never divulge in any type of intimate conversation. A company will sometimes have to address
sensitive issues including sensitive data to earn the trust of its people although by doing so they
must be genuine and straightforward. One company, Athenahealth, have gone as far as opening
their books to each and every employee and treating them as insiders. This move was meant to
give them more than just an insiders view it was meant to get them more involved in the entire
business. Knowing when to stop talking and to start listening is a key success of that of leaders
who take organizational conversation seriously. True listening involves taking the bad with the
good, absorbing criticism even when it is direct and personaland even when those delivering it
work for you (Groysberg & Slind, 2012). The second element of organizational conversation is
Interactivity in which leaders talk with employees and not just to them. By definition, a personal
conversation is one that involves the exchange of comments and questions between two or more
people. When you have leaders that only talk at you and not with you, you find loyalty,
dependability and respect to be issues within the organization. Employees need to have the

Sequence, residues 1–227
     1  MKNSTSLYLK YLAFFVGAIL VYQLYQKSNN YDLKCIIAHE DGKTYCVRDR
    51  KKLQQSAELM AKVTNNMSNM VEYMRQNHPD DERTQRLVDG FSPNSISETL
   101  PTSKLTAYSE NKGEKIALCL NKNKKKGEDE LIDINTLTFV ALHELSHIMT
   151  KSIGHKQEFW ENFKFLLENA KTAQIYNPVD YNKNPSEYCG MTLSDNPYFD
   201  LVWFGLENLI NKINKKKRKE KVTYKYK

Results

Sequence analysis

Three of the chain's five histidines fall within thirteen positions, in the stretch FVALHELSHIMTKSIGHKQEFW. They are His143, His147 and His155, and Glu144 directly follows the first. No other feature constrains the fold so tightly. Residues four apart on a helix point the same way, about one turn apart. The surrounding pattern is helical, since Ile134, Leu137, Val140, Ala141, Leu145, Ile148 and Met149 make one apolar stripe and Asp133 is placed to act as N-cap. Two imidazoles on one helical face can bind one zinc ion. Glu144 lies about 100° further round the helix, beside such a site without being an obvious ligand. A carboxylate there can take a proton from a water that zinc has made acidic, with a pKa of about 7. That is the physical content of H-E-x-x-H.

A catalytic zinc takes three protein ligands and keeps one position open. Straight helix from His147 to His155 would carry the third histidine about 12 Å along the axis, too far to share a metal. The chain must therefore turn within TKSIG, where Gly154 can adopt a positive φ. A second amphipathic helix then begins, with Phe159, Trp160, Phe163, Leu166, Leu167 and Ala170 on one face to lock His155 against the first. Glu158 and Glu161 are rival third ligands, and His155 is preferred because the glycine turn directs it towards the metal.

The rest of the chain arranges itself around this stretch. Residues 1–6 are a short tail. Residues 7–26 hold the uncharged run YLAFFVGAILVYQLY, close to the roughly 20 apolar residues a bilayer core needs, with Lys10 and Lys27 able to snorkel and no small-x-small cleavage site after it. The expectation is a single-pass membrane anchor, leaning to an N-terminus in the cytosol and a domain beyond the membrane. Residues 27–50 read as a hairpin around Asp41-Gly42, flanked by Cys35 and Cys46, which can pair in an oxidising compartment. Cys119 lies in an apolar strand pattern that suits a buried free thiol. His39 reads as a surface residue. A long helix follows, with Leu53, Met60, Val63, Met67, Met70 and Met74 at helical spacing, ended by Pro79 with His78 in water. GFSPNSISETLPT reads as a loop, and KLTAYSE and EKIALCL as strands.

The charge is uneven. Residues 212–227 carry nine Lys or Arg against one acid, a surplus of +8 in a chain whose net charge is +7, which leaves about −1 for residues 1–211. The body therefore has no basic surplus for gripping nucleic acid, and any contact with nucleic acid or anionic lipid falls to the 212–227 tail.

organizations support to be able to come to them and speak up when needed. By doing so, we

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close the gaps between leaders and their employees. Organizations prevailing culture has shown
to be problematic when implementing new ways and forms of corporate communication. Those
who have fostered a genuinely interactive culturevalues, norms, and behaviors that create a
welcoming space for dialogue have found it much easier to roll out these new methods. One
great example of this is John Chambers, Cisco Systems CEO. Cisco Systems sell various
products that fall under the social technology umbrella. He holds various forums to keep in
touch with his employees including a birthday chat that he leads about every other month.
These are open to any Cisco employee whose birthday falls in the relevant two-month period and
they allow its employees to speak openly without senior managers present. Chambers also
utilizes a video blog to speak with his employees directly chatting briefly and unscripted. This
may seem like a one-way conversation, but he also invites video messages as well as text
comments from his employees creating an interactive form of communication within the
organization. Inclusion is the third element of organizational conversation. Expanding
employees roles within an organization benefits an organization on many different levels.
Employees want to feel like they have a voice and want to be included. Enabling employees to
provide their own ideas and be included in on pivotal decisions creates a sense of ownership.
Once the spirit of inclusion takes hold, engaged employees can adopt important new roles such
as brand ambassadors, thought leaders, and storytellers. Brand ambassadors are employees who
feel passionate about their companys products and services; they become living representatives
of the brand. Thought leaders are consultants or in-house professionals that draft speeches,